May 20, 2014 — Yesterday, in Petrella v. Metro-Goldwyn-Mayer, Inc. (No. 12-1315), the Supreme Court ruled that the doctrine of laches could not be invoked to bar a copyright claim that was brought within the statutorily allowed three-year window from a particular act of infringement — even though the copyright owner had a significant delay (over 18 years) from her inheritance of her father’s copyright in a screenplay first copyrighted in 1963. MGM made the screenplay into the motion picture, “Raging Bull,” based on the boxing career of former world middleweight boxing champion Jake LaMotta and starring Robert De Niro (who won the Best Actor Academy Award), in 1980.
Author Frank Petrella died during the initial copyright term, and by law, the renewal rights in his copyright reverted to his heirs. His daughter, Paula Petrella, renewed the 1963 copyright in 1991, becom- ing its sole owner. About seven years later, she advised MGM that its continued sale of the movie “Raging Bull” violated her copyright and threatened suit. About nine years later, in 2009, she filed an infringement suit, seeking monetary and injunctive relief limited to acts of infringement occurring in and after 2006.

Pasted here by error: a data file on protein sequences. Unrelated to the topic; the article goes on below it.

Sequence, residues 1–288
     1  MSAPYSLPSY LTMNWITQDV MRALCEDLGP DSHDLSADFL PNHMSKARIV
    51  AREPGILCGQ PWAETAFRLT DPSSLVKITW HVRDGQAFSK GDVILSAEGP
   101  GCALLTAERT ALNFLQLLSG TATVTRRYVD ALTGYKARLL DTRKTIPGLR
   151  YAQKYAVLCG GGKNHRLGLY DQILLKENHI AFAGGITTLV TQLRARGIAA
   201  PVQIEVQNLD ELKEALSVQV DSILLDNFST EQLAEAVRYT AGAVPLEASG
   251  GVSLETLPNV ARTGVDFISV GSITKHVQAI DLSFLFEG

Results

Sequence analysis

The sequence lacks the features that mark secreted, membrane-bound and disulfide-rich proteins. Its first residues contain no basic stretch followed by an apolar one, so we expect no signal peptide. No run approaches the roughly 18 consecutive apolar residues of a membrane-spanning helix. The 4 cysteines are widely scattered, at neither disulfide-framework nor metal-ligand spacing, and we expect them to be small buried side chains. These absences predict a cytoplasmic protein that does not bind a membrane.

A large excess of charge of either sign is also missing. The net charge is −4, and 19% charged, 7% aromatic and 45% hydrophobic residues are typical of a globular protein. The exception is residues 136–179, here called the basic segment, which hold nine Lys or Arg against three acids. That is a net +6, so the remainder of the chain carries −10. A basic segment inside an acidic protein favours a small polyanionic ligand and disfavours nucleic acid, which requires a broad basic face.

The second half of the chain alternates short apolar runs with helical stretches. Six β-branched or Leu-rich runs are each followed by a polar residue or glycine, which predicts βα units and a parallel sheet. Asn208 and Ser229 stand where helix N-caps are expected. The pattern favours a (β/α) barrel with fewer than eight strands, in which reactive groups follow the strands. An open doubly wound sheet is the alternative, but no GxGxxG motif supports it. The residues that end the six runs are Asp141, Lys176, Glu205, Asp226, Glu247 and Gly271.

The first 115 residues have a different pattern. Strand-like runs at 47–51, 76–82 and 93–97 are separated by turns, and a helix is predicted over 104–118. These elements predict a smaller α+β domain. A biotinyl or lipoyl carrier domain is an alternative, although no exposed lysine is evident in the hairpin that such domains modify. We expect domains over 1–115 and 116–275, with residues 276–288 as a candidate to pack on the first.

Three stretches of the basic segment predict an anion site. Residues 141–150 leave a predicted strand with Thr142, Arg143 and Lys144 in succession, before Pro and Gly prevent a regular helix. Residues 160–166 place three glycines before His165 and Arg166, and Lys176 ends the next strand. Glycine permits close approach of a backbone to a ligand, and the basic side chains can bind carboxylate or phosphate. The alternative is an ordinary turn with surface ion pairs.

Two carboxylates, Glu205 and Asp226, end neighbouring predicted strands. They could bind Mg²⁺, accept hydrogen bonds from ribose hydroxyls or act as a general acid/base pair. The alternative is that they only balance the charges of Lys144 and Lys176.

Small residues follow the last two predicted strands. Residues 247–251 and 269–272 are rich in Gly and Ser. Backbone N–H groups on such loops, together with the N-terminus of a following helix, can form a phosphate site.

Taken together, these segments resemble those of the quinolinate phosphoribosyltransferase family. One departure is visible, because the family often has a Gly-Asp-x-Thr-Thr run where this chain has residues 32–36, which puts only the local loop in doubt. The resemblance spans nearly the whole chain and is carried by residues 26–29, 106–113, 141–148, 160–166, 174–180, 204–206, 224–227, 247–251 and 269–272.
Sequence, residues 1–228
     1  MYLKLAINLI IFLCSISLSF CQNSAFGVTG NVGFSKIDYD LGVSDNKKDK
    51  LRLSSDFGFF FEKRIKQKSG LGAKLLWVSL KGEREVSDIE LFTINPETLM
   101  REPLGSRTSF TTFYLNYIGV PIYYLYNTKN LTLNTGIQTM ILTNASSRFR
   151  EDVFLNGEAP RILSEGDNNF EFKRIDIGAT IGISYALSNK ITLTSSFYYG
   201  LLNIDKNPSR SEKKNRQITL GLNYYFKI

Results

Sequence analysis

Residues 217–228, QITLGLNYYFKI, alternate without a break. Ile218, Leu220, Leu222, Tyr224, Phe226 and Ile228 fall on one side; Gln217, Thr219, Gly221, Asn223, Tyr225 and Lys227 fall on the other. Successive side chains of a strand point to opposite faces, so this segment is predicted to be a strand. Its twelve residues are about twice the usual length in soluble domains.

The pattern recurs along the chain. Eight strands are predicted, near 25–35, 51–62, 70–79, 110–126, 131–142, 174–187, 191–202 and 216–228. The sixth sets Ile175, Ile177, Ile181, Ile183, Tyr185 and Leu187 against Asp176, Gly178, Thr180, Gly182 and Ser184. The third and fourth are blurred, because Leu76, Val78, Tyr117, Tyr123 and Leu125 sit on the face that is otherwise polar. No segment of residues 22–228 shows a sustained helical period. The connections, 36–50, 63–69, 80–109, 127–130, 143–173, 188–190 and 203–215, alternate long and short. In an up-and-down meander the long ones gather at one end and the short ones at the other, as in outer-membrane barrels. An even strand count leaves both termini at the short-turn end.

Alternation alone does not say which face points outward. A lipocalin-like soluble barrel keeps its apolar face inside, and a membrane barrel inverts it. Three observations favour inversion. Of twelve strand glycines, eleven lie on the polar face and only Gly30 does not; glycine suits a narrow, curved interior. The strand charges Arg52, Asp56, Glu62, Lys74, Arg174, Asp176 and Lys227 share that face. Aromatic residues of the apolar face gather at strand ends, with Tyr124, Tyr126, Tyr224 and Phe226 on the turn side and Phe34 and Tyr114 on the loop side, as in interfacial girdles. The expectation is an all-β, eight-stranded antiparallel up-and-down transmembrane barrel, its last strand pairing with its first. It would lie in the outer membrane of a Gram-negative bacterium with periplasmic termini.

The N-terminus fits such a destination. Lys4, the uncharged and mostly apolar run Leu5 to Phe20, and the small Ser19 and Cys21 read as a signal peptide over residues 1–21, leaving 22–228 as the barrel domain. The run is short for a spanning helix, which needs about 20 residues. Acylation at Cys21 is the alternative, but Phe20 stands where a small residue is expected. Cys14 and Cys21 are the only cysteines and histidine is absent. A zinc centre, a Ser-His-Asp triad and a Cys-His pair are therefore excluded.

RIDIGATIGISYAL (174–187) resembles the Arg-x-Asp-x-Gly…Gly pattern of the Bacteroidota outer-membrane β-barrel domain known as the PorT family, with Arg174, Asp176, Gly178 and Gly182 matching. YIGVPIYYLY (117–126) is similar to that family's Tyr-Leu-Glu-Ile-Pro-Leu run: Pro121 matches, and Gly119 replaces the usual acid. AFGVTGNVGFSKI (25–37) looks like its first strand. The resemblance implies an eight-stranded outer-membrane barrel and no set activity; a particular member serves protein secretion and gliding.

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Topics: Copyright, Copyright Infringement, Laches, MGM, Petrella v. MGM, SCOTUS
Published In: Art, Entertainment & Sports Updates, Civil Procedure Updates, Civil Remedies Updates, Intellectual Property Updates
DISCLAIMER: Because of the generality of this update, the information provided herein may not be applicable in all situations and should not be acted upon without specific legal advice based on particular situations.
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